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Tuesday, April 15, 2008

Peplos Part II

One theory as to the origin of the Peplos of Aristotle revolves around its connection with the Pananthenaic peplos. This idea is directly alluded to in the introduction to the 1798 edition of the Peplos with which I started the first entry of the Peplos blog. Here the commentator says that 'the peplos was the sail on the Panathenaic ship on which was depicted the killing of Enceladus by Minerva (Athena) and those strong men who were worthy in war for the fatherland.' For his authority, he quotes a passage from the Knights of Aristophanes which essentially repeats the phrase I have given above. This interpretation of the passage is repeated as authoritative by later commentators including, for instance, Th. Preger in his article Zum Aristotelisches Peplos in the Abhandlungen aus dem Gebiet, Munich 1891, although it will be noted that Aristophanes says nothing about Troy, about epitaphs or about Aristotle.

The Pananthenaic peplos was the cloth or dress which was carried in procession at the festival and offered to the statue of the goddess, Athena, within the Parthenon. It is possible that there were two peploi, one a small one used in the annual festival and the second one a large one which was used in the four yearly great festival and was large enough to serve as the sail of a ship, which was wheeled through the streets, before being presented to Athena. For those who are interested in further details, I recommend Mansfield's dissertation on the subject, The Robe of Athena and the Pananthenaic Peplos (UCL, Berkeley,1985). It is clear from this that the ceremony did not originate in Athens and was not confined to that city; Mansfield identifies 34 other locations where there were ceremonies presenting garments to statues of gods and 15 where there is some evidence of the practise. Even in the Iliad, when things are looking bleak for the Trojans, the women present their statue of Athena with a new peplos, so it was clearly an ancient custom.

Theories as to the purpose of this ceremony and the origin of the peplos as a sacred object will be given in another edition of this peplos thread. For instance, it is supposed that the tradition of the sail hanging on the mast of the wheeled ship was derived from the ancient ceremony of covering a sacred tree with a cloth. But more of that another time.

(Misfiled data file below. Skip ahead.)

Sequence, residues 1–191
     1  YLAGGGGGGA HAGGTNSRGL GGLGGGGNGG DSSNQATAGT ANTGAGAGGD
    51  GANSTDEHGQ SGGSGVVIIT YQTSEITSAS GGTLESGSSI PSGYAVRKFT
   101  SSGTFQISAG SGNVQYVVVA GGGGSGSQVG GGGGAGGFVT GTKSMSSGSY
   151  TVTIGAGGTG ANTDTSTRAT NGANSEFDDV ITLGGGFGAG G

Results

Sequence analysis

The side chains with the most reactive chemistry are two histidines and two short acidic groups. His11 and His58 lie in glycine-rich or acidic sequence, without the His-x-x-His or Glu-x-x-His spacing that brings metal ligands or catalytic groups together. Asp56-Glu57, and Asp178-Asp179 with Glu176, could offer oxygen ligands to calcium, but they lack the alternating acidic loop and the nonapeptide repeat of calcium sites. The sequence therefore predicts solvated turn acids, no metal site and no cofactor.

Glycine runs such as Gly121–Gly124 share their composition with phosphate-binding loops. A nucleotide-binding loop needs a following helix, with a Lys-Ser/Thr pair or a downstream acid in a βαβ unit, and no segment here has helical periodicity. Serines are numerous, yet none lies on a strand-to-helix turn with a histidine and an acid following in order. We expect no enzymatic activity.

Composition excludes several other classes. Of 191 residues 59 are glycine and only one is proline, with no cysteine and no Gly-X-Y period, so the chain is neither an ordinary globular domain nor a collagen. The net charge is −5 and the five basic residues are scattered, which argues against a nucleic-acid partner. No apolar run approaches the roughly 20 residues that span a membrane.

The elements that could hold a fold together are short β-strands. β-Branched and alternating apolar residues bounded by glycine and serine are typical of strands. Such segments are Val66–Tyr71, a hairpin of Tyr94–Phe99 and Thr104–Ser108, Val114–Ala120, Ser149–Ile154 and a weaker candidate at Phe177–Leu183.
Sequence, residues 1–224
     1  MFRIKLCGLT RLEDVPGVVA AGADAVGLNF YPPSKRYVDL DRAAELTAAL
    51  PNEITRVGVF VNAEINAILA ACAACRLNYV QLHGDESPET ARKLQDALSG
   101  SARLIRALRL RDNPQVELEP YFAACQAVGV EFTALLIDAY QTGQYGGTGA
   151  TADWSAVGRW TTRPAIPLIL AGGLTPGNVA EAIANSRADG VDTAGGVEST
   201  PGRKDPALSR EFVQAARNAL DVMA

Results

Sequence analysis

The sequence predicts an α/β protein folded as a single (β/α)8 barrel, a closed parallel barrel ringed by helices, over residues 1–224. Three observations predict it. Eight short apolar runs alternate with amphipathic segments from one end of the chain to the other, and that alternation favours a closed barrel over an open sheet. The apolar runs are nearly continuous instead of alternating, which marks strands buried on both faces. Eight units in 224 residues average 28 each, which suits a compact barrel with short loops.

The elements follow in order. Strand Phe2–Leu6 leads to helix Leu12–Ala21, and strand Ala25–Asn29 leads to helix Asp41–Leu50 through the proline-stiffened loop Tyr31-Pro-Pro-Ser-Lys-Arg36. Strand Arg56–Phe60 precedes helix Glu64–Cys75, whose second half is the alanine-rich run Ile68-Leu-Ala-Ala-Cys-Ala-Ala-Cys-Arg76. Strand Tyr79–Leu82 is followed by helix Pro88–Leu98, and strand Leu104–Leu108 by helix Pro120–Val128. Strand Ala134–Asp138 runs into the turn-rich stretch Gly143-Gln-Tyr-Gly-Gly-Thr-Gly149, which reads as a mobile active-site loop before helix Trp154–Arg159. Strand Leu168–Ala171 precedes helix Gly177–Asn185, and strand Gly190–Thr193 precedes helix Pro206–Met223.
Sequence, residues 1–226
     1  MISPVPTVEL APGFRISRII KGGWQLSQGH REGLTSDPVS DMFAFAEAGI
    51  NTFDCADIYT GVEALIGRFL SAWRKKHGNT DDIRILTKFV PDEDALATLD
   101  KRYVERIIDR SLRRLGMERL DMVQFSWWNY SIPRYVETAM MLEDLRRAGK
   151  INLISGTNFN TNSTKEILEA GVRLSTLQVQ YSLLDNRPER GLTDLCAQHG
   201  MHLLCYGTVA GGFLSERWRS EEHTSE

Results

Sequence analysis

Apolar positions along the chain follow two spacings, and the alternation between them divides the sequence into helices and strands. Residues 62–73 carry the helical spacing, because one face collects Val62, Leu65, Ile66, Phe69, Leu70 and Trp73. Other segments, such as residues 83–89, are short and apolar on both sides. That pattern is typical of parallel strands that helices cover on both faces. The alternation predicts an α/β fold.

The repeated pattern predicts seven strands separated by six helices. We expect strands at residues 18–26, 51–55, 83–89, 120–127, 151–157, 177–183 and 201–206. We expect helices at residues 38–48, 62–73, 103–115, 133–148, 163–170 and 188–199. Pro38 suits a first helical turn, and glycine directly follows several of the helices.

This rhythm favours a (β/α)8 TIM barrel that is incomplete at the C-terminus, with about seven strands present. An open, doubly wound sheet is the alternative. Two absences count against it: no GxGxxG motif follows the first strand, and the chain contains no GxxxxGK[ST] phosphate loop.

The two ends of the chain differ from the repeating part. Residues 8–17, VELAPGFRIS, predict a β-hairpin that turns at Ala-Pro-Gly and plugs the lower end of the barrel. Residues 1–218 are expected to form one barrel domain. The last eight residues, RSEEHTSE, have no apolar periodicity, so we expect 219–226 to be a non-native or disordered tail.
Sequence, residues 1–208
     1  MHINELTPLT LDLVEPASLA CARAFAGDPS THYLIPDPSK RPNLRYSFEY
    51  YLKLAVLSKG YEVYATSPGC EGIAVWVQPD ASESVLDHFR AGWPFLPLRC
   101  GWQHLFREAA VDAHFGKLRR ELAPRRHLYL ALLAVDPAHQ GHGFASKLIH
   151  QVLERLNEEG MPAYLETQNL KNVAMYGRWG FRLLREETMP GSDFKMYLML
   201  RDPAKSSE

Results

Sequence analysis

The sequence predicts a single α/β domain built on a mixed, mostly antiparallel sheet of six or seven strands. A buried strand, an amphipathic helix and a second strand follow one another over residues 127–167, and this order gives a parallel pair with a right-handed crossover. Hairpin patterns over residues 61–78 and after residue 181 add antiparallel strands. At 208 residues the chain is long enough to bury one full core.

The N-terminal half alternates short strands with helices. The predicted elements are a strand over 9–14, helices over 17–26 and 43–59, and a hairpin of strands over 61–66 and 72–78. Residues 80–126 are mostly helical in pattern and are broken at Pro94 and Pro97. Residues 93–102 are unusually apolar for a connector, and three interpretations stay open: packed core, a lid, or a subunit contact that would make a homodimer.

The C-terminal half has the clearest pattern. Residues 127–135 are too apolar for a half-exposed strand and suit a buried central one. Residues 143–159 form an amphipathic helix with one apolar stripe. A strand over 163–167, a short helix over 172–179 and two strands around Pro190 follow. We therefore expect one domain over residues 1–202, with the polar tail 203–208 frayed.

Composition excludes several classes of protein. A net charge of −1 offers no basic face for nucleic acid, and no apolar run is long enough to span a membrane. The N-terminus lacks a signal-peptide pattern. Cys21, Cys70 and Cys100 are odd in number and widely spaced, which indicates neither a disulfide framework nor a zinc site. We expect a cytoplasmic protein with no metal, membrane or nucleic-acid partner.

When and what was the origin of the Panathenaic procession. According to Apollodorus (Library 3.14.6) the Pananthenaia was started by Ericthonios the founder of Athens or, according to Pausanias, by Cecrops, Ericthonios' son. This would have been about 1550 BCE. When was the ceremony of the peplos introduced: possibly during the late 6th century during which Athens defeated Boeotia where the rite of the peplos may have originated and certainly no later than the middle of the 5th century BCE when the Parthenon was built since the procession of the peplos is depicted on the frieze of the Parthenon. Some say that the ceremony of the peplos began after the victories of the Persian war and if this were the case it would make sense if heroes were depicted on the peplos although they would not have been Trojan heroes.


Plato says (Euthyphro) that the peplos showed the gigantomachy or struggles of the gods and Aristophanes in the Birds says it shows the gods 'withering the sons of the Earth.' The meaning of the Knights passage of Aristophanes referred to above is actually ambiguous. Mansfield and later commentators say that it refers 'Athena's deeds of prowess' and not to great men or heroes. There is a third possible interpretation: something like, 'the peplos is worthy of Attica and the Knight's place in its great religious festival'. Again nothing to do with the heroes of Troy.

Another relevant reference is in Aristotle's Athenian Constitution (49.3) which says 'At one time the Council used also to judge the patterns for the Robe, but now this Council was thought to show favoritism in its decision.' (trans. H. Rackham). This extracts implies several things: that the pattern was different each year, that there was a competition for the winning design of any one year and that this competition was eventually abandoned and thus presumably the design became fixed. The competition could however have been for only a part of the Peplos, perhaps a decorative border, but not the main subject matter showing Athena and her defeat of the giants.
There is no evidence here for or against the possibility that, in one year or several, the Peplos could have depicted as its main or subsidiary subject the heroes of the Trojan war.

There is another reference to the Pananthenaic Peplos in Plutarch's essay Life of Demetrius, the possibly fictional character who conquered Athens and is said to have required that his image be woven on the peplos besides that of Athena and Jupiter. This demand so enraged the gods that during the procession the peplos was said to have torn in two in the wind. But again there is no mention here of heroes or giants. Demetrius lived in theory about 300 BCE.

It appears that we have to accept that there is no evidence for a direct link between the Pananthenaic peplos and the Peplos of Aristotle. We shall have to look elsewhere.

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